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Black Creators Unite: Kevin Grevioux Speaks On Partnership With Charlamagne tha God & Ken Lashley

By Brandon Bush

Rarely do giants come together to create magic, but we finally get the chance to witness it in real-time. Entertainment mogul, Charlamagne tha God, is teaming up with comic book legends Kevin Grevioux and Ken Lashley to create a new line of independent comic books with Black Privilege Publishing and AWA Studios.

Created by Grevioux, these powerhouses will be working together to bring back the long-awaited stories of Darkstorm the Conqueror and The Vindicators. We don’t usually see Black men in comics and entertainment come together for such a project. Still, Geeks of Color had the opportunity to sit down with Grevioux to talk about the experience of creating alongside a group of talented, well-known pioneers like himself.

(From left to right: Charlamagne tha God, Ken Lashley and Kevin Grevioux)

Describing it as “amazing” and “never a dull moment, always fun,” the Blue Marvel creator is having an absolute blast.

“It’s been really great. You know, Charlamagne is an amazing cultural visionary, so that made it easier to hook up with him, and he was familiar with my work,” said Grevioux. “So, he kind of saw what I was trying to do and was like, ‘Hey, how can we work together?’ and then I suggested we have the perfect creator for the job, which was Ken Lashley.” 

Award-winning visual artist and illustrator Ken Lashley is well-known for his work. Having worked on the Justice League of America, X-Men, Batman, Spider-Man, Superman comic books, and so many more, it is an understatement to say that he is larger than life in the world of comic books. 

“When you get a chance to work with some great characters, you jump at the chance. I have been a fan of Darkstorm for years. I am drawn to strong characters of color and Darkstorm is just that. It’s also created by Kevin Grevioux, who is a very talented creator, so it’s a win-win…It’s very exciting, and we have other things we are cooking up,” Lashley explained.

Of course, Grevioux’s excitement to work with Lashley is only preceded by their extensive comics careers Both creators, who have not had many chances to work together besides the Blooshot: Rising Spirit series, have reputations that speak for themselves As trailblazers for other up-and-coming Black creators, writers, and illustrators, it seems only natural they finally collaborate With this all-star team, the possibilities are endless, but that isn’t always the case.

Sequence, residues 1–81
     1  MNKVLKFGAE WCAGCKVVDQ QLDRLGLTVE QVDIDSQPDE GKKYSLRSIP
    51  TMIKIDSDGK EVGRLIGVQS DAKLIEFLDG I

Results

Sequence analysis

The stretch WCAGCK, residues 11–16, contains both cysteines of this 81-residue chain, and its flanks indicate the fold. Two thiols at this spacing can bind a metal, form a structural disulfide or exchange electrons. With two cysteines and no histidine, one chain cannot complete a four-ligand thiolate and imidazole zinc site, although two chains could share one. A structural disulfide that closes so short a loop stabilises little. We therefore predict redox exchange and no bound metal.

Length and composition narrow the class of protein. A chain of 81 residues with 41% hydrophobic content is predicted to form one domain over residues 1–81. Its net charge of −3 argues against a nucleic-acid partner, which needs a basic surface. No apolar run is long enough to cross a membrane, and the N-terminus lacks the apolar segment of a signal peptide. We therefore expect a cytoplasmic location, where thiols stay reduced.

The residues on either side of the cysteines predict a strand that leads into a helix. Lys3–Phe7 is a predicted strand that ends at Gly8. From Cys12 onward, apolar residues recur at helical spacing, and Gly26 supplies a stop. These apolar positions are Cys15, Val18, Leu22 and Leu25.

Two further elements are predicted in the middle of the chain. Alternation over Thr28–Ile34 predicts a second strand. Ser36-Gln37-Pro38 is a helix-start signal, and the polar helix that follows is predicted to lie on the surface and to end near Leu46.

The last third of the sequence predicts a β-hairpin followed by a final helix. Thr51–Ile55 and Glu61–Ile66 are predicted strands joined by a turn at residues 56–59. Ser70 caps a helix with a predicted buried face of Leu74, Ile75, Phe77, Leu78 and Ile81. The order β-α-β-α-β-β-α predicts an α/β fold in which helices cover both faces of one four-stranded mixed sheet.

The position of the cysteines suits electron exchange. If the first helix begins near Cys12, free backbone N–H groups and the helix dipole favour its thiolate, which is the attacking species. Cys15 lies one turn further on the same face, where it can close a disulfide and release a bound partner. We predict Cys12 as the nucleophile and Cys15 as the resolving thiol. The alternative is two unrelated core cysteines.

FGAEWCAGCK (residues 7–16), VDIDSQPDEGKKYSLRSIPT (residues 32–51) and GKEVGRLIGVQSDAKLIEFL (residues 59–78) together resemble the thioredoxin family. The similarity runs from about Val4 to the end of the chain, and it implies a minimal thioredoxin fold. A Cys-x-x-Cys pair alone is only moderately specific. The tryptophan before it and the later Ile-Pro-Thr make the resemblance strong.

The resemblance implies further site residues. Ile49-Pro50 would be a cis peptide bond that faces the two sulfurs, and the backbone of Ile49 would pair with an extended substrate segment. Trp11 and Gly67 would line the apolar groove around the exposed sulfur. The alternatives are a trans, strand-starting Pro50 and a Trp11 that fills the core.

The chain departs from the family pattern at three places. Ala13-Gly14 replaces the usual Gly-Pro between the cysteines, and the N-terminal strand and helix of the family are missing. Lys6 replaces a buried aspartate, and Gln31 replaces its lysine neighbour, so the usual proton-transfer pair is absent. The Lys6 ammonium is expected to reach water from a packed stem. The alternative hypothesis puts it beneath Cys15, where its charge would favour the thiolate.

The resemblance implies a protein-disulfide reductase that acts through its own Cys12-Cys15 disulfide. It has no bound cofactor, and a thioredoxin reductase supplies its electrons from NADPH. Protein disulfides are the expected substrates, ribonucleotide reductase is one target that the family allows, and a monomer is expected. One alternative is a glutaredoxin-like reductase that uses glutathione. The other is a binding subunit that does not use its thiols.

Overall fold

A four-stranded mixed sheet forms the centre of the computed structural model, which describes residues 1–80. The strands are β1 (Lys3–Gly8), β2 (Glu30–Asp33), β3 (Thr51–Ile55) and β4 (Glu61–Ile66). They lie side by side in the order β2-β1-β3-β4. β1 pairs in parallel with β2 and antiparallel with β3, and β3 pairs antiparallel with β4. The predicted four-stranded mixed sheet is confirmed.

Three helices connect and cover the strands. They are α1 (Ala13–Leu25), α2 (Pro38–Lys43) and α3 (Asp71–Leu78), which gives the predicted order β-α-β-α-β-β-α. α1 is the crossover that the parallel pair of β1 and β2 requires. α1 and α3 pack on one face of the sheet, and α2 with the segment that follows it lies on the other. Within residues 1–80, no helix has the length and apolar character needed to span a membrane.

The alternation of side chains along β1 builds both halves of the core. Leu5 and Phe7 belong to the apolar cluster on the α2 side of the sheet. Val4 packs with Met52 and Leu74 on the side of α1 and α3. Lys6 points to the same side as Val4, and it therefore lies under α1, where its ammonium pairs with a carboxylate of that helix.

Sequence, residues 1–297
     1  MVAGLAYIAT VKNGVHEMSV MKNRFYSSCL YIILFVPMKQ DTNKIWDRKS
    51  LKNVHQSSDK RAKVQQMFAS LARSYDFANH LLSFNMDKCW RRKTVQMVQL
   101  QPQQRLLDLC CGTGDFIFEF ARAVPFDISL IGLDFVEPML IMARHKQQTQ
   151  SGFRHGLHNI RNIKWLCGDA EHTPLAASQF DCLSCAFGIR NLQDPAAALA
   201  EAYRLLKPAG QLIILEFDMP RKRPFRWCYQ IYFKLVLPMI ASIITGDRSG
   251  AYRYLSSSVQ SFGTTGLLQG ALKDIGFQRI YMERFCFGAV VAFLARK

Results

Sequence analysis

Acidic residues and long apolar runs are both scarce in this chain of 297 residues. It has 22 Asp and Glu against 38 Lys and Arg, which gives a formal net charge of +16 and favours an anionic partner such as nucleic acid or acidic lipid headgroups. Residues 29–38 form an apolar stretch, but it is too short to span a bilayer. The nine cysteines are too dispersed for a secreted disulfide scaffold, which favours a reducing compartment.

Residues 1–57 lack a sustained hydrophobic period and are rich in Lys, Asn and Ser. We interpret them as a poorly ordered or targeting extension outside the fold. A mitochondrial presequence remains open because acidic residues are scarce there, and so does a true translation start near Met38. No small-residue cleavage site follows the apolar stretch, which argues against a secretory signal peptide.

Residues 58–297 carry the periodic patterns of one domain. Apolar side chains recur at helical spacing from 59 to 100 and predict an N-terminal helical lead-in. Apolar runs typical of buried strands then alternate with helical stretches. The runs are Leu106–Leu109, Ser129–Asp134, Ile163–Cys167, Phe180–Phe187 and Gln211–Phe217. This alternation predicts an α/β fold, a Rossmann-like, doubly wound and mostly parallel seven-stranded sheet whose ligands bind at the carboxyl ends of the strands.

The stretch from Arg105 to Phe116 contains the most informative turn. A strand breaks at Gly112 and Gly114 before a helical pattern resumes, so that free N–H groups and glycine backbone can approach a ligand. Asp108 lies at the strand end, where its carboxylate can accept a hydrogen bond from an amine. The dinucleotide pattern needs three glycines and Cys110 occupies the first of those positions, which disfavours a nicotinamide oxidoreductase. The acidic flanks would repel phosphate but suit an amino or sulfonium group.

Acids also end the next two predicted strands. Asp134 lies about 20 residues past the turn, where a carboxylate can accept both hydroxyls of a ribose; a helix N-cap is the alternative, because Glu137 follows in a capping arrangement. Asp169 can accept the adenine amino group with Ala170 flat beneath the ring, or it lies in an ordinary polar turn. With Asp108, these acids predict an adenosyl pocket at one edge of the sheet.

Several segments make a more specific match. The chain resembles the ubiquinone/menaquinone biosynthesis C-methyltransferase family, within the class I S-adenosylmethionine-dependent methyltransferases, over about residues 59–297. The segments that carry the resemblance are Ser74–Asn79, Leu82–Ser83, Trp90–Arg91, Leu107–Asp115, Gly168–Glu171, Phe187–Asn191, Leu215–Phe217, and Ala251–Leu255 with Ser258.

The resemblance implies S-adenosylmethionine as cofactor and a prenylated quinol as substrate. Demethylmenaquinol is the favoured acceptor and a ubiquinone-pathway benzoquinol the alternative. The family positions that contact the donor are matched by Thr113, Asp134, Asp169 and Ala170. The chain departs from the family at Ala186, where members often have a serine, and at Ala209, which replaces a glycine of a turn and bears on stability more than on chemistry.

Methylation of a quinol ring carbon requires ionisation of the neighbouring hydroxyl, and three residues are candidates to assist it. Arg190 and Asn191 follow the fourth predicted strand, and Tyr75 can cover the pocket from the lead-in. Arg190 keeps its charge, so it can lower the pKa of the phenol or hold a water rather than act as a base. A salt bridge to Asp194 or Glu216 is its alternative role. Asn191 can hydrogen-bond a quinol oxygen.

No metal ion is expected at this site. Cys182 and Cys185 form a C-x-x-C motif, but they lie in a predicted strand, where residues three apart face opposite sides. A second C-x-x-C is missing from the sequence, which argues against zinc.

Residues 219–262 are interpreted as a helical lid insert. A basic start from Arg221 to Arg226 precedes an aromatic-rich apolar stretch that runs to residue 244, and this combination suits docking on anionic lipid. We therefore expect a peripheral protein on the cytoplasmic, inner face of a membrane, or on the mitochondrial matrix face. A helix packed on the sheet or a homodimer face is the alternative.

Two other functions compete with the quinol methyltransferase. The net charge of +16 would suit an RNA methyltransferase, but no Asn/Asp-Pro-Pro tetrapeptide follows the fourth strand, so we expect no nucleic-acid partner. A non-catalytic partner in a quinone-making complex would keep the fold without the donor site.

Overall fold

(Art by Ken Lashley)

The demand for Black-owned, Black-drawn, and Black-written comics is high—and something that isn’t always afforded to comics fans because of high volumes of content and many talented writers fighting for their spot in the limelight at companies such as Marvel or DC. Many Black creators and their ideas can get lost in the mix, and rarely do Black creators have the opportunity to collaborate within the industry to work on stories intentionally. It’s even more challenging for Black creators to craft lanes of their own and work on projects they’re passionate about. Watching Charlamagne, Grevioux, and Lashley come together for this shows the benefits of taking your art into your own hands.

“This is a time for us to do things like that when the industry is so wide open with independent product,” Grevioux told us. “Which is why, as a creator, I don’t care who you are, you just go out there and you create your own stuff and make your own deals.”

Perhaps one of the best parts about this project for Grevioux is seeing the manifestation of his life’s work finally come to fruition. He created Blue Marvel at the age of 12 and went on to graduate from Howard University. Afterward, he pursued a lengthy, influential career creating characters, writing stories, and acting for projects we love— which led to this moment. To now see another of his creations getting told his way is a form of more-than-deserved vindication.

“I think what it really is is being validated enough so that people want to be able to do the actual properties that bring them to the public,” Grevioux explained. “It’s one thing for you to create and have him live inside your head, but it’s another thing for people outside of yourself to recognize it, and they want to buy and do it. That’s validation.”

Despite the hardships of being a Black creator, doors are beginning to open for us to tell the stories that matter to our communities and us. From Blue Marvel to Darkstorm and everywhere in between, those stories can cross galaxies or stay in our neighborhoods. Grevioux, Lashley, and Charlemagne’s team-up signify the importance of autonomy and entrepreneurship for those trying to write their own stories. Indeed, this dream-team trio has more to show us, and we cannot wait to see what it is. Be sure to keep an eye out for more on Darkstorm and The Vindicators.

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